Last Updated on March 26, 2020

Qsymia Review | Best Fat Burners


Qsymia ReviewQsymia is a prescription fat burner that has been used by over a half a million patients and delivered clinically proven results. While it may work for people, we often find prescription drugs to be riddled with negative side effects that make losing weight a very uncomfortable and even more of a struggle. Read this Qsymia review to find out why it did NOT rank on our list of the Top 5 Fat Burners.

Qsymia Side Effects

Because Qsymia is a prescription drug, the potential for side-effects, some of which may be serious, exists. Please make sure you ask your doctor about Qsymia side-effects before taking this medication.

The Benefits Of Qsymia

The following are claimed benefits of taking Qsymia

  • Increased weight loss
  • Reduced cravings and appetite
  • Boost in energy levels and motivation to exercise

What Is Qsymia?

Qsymia is one of the many fat burning solutions available for people who need to lose weight, and are struggling with doing it on their own. There are certain criteria that you need to meet before you can take Qsymia. First of all, you must have a BMI of over 30, and be experiencing at least one weight-related medical condition.

Qsymia makes the claim that you should be able to lose 15-19 pounds and shed 2-3 inches off your waist in the first 3 months, 22-29 pounds and 3-4 inches in the first 7 months, and 23-32 pounds and 4-5 inches in a year. These results are pretty underwhelming for taking a prescription drug and having to experience the side effects that come along with that.

How Does Qsymia Work?

Qsymia is made up of two fat burning prescription drugs known as Phentermine and Topiramate. These two drugs work together to help reduce your appetite, eliminate your cravings, make you feel fuller, and increase your energy levels. The way they do this is by stimulating your central nervous system into releasing specific hormones and neurotransmitters that are responsible for increasing your energy levels and making you feel fuller.

The two neurotransmitters responsible for helping make you feel full are dopamine and serotonin. These chemicals are naturally released when you feel satisfied after a good meal, so these drugs are pretty much tricking your brain into thinking that you just ate. The other neurotransmitters responsible for reducing your appetite and cravings are known as adrenaline and norepinephrine. These two neurotransmitters do this by activating your brain’s fight or flight mechanism. By doing this, blood starts to rush to other areas besides your digestive system, making you absorb food less quickly. This helps reduce cravings and your chances for unnecessary snacking.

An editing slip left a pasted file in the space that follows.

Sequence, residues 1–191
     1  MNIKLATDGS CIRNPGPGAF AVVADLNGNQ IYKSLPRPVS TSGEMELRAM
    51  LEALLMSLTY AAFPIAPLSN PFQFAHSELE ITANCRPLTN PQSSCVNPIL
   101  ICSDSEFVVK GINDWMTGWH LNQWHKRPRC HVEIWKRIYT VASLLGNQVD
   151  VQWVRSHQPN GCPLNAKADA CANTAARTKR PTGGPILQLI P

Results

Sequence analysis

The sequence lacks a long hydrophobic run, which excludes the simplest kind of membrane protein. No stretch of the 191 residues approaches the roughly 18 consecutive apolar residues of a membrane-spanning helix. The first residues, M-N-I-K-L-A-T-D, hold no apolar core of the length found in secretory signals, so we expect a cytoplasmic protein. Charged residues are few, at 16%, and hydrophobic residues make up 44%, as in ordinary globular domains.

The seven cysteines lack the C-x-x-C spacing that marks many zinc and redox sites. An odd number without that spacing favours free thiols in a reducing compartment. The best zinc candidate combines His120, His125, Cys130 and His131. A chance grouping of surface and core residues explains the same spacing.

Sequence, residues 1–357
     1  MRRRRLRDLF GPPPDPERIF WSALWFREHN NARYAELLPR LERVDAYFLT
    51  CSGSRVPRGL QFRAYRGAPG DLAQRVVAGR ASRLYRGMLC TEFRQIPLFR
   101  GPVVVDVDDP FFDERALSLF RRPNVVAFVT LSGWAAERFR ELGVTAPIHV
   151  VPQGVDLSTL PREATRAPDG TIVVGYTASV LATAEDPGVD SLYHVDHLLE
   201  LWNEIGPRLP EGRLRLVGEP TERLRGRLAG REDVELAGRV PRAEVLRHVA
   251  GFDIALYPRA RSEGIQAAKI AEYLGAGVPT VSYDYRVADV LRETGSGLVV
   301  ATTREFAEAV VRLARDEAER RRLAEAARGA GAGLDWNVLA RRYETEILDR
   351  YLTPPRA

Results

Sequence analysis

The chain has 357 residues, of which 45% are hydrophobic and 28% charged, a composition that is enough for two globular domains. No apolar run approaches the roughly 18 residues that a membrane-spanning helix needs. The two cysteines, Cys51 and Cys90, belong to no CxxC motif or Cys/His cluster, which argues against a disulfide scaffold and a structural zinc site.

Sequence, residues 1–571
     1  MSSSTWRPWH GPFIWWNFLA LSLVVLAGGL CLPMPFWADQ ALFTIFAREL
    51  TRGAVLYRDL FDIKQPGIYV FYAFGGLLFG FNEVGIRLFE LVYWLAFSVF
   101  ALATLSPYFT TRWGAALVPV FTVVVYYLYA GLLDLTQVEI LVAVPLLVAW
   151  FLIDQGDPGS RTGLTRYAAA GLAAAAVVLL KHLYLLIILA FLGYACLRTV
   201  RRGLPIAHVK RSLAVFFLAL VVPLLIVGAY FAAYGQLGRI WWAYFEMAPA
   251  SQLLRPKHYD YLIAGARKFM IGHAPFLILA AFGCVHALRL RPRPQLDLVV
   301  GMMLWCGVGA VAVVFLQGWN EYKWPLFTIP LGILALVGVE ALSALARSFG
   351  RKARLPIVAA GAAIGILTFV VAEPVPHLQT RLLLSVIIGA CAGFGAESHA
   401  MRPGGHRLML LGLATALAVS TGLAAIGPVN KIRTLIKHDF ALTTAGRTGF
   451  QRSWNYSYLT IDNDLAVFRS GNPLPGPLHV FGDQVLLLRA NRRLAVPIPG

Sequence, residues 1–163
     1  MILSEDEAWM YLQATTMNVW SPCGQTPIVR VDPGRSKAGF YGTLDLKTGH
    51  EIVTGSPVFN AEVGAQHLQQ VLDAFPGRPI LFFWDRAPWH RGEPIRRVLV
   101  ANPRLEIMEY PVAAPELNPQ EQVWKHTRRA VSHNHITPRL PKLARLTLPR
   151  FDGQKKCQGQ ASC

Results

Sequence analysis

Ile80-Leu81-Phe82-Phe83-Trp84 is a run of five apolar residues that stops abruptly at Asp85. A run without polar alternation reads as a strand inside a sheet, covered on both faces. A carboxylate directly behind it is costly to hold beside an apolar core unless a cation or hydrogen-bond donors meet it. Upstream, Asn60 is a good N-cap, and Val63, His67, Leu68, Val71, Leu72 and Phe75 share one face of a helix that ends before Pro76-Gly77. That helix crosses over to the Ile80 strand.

Additionally, norepinephrine and adrenaline also work to increase your energy levels. This can help motivate you to get up and moving, allowing you to burn more calories on a daily basis.

Qsymia Reviews From Other Users

So it turns out only 1/3rd of users actually think Qsymia is a 10/10. That’s a pretty iffy number considering it’s a prescription drug with many side effects. A lot of people experienced some serious side effects, which is why they had to rate it so low. One user claims it caused him to have short-term memory loss, even making him forget the name of his kids for a minute. Other people don’t like how expensive it is, even though it did prove to work for them.

The Pros

  • Works for some people
  • Helps motivate you to workout
  • Places you in a long-term behavioral changing plan

The Cons

  • Serious side-effects
  • Some people didn’t notice that many benefits
  • The results they claim are underwhelming

Qsymia Conclusion

Qsymia is an example of a prescription drug for weight loss that might do more harm than good. Some of the side effects people experience make this drug seem like it might not be worth the potential benefits, especially when there are so many other options on the market. For the safest and most effective ways to lose weight, check out our list of the Top 5 Fat Burners.

Cory is a veteran health industry writer and content creator. His work has been featured in major publications such as MyFitnessPal, Healthy Living, and Low Carb Fanatics. His health industry writing career spans over nearly two decades.

In his free time, Cory enjoys snowboarding, fictional writing, and online chess.